Little Tokyo in Paris: Where to Eat Now

Patisserie Tomo's Dorayaki Paris-Kyoto. Image: Patisserie Tomo/Facebook

Rue Sainte-Anne, in the 1er and 2eme arrondissements, is the epicenter of the Little Tokyo neighborhood in Paris. There and on nearby streets you’ll find Japanese sushi, yakitori, and noodles, Taiwanese style-eateries, Korean barbecue and bibimbap, as well as other Pan-Asian foods, French-Japanese fusion pastries, and boba shops. It’s a great area to explore, eat, and shop. With its own distinct sense of place, Rue Sainte-Anne exists as an enclave within Paris that’s definitely Parisian yet also feels like “somewhere else.”

We’re sharing five of our favorite places to eat in Little Tokyo. Each of these restaurants has seriously delicious food, plus a bonus: they’re all quite affordable and many are open during non-traditional dining hours.

 Zen Zoo  13 rue Chabanais

At Zen Zoo you’ll find dumplings, beef noodles, bubble tea, and Taiwanese specialties in a casual, easy-going atmosphere. There’s a liveliness to the food and the atmosphere. This is not a white tablecloth restaurant, but the food is excellent. It’s open every day except Sunday from 12-7pm.

Patisserie Tomo 11 Rue Chabanais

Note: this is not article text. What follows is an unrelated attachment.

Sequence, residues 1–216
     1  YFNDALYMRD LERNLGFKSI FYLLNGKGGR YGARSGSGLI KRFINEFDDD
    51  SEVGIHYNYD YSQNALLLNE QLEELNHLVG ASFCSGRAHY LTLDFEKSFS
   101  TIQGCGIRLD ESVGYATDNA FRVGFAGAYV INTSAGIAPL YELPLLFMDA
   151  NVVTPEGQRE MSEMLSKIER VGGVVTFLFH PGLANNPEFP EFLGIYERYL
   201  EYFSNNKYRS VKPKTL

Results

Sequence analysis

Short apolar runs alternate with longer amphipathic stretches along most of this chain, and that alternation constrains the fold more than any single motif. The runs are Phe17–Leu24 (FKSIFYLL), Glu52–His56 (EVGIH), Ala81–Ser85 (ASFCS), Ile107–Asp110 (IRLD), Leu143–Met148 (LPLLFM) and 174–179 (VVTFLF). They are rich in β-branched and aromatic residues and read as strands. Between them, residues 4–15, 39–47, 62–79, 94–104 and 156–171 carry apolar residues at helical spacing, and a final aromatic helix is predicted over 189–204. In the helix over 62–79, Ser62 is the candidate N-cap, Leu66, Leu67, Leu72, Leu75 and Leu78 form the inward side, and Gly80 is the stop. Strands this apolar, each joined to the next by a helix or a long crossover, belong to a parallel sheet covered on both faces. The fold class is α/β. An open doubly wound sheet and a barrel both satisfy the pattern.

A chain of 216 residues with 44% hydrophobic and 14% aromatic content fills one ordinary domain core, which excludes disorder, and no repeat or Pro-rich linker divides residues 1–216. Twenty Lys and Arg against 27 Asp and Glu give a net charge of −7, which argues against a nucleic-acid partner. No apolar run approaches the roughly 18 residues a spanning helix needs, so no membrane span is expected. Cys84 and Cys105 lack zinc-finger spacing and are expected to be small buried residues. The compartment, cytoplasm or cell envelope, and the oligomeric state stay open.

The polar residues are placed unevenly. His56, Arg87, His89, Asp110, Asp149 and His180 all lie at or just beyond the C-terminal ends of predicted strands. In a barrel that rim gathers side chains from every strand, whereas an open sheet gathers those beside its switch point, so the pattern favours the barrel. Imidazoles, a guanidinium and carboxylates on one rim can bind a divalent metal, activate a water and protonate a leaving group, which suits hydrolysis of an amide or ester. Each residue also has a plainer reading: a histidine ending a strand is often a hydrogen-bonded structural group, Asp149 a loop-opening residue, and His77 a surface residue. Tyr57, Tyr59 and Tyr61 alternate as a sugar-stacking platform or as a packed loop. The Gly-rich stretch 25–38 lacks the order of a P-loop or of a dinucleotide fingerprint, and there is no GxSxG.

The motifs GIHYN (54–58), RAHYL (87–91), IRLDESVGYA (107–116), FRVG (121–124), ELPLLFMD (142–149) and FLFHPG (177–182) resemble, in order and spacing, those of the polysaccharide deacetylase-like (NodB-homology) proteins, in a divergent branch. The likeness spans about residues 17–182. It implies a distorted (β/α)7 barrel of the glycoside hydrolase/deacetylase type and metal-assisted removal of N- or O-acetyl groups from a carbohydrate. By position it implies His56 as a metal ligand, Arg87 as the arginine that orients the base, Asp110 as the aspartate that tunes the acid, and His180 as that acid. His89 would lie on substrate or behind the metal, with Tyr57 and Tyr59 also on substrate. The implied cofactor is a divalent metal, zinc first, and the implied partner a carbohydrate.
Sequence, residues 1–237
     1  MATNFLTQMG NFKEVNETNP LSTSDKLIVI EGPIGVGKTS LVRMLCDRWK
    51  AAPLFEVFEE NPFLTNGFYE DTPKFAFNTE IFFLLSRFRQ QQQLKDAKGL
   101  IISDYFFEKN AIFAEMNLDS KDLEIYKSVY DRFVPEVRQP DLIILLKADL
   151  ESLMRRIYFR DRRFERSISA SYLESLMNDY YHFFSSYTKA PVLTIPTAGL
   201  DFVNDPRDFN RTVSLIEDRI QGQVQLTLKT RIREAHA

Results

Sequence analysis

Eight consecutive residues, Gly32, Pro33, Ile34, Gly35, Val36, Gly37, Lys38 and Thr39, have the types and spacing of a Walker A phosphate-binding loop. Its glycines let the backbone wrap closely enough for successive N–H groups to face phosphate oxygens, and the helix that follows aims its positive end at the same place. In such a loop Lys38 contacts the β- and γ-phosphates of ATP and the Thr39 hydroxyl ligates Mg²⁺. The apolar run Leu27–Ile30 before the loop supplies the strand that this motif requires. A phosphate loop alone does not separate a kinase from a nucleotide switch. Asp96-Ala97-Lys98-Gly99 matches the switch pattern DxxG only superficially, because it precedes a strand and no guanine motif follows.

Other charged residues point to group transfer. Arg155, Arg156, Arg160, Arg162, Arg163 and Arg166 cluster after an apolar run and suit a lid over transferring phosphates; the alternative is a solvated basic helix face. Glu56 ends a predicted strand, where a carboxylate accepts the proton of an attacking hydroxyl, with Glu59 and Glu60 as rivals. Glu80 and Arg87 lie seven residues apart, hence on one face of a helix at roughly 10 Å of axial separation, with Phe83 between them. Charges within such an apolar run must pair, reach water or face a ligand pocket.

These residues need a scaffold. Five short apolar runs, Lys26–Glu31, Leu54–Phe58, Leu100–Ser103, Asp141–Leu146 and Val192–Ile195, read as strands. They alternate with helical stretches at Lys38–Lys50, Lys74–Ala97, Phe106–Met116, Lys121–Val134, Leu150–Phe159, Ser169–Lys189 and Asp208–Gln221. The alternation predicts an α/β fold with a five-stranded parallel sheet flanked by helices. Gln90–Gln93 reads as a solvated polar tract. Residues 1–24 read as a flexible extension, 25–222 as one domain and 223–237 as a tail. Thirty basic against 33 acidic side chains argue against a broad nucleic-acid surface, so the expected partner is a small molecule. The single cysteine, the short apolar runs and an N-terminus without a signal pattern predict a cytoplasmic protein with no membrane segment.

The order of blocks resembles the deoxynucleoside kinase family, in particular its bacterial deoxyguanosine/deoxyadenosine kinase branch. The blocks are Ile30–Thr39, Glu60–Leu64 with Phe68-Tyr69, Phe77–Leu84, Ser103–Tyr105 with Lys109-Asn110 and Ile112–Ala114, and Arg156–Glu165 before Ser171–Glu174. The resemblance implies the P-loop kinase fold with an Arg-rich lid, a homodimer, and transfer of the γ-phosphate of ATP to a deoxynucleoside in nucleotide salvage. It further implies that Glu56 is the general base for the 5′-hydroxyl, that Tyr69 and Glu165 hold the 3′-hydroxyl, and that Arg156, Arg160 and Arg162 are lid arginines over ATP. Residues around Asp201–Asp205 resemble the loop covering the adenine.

Don’t blink as you walk up Rue Chabanais, or you might miss this tiny shop specializing in Japanese teas, dorayaki, and wagashi. The focus is on classical elegance, visible both in its minimalist design interior and the pastries, which span French and Japanese traditions. This spot works equally well as a great place for a quick business meeting or for a personal afternoon of quiet luxury.

Chez Sun – 10 Rue Chabanais

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With a full menu of Thai and Vietnamese classics prepared perfectly, this popular place is often busy. Luckily, it’s open seven days a week (and it’s very affordable)! The half-pineapples filled with green curry are incredibly Instagrammable and the fondue thaï for two is always a great idea!

Aki Restaurant – 11 bis Rue Sainte-Anne

Aki is on Rue Sainte-Anne right in the center of Little Tokyo. It specializes in okonomiyaki, and the chef is generous with toppings as well as being a master of technique — the katsuobushi topping on the okonomayaki moves in little waves on top of the dish, exactly as it’s supposed to. The space is comfortable, clean and welcoming, the atmosphere hospitable. Try the iced matcha, which is made without added milk!

Sanukiya  9 Rue d’Argenteuil

Sanukiya isn’t exactly within Little Tokyo, but it’s within walking distance and included here on our list because it’s simply unmissable. Their specialty is udon, but they have a full menu of other options. The agedashi tofu is the best of the best, the udon is the kind you dream of, and everything they make is addictive. It’s open every day from 11:30am to 10:30pm, but if you want to avoid waiting in line, visit in the early or late afternoon. Google says Sanukiya is closed for good, but they’re wrong – it’s alive and well!